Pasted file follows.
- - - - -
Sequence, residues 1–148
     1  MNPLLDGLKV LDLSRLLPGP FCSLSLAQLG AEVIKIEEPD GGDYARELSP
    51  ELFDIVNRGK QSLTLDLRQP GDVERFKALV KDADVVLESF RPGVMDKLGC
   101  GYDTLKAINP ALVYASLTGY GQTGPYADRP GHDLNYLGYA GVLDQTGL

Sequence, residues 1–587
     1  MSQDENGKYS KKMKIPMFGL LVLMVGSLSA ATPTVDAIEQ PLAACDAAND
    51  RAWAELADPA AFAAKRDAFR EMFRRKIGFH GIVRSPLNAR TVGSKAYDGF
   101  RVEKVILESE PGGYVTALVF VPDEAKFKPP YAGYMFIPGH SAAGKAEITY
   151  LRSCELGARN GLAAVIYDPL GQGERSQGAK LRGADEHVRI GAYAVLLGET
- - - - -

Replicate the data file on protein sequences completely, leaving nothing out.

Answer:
Sequence, residues 1–148
     1  MNPLLDGLKV LDLSRLLPGP FCSLSLAQLG AEVIKIEEPD GGDYARELSP
    51  ELFDIVNRGK QSLTLDLRQP GDVERFKALV KDADVVLESF RPGVMDKLGC
   101  GYDTLKAINP ALVYASLTGY GQTGPYADRP GHDLNYLGYA GVLDQTGL

Sequence, residues 1–587
     1  MSQDENGKYS KKMKIPMFGL LVLMVGSLSA ATPTVDAIEQ PLAACDAAND
    51  RAWAELADPA AFAAKRDAFR EMFRRKIGFH GIVRSPLNAR TVGSKAYDGF
   101  RVEKVILESE PGGYVTALVF VPDEAKFKPP YAGYMFIPGH SAAGKAEITY
   151  LRSCELGARN GLAAVIYDPL GQGERSQGAK LRGADEHVRI GAYAVLLGET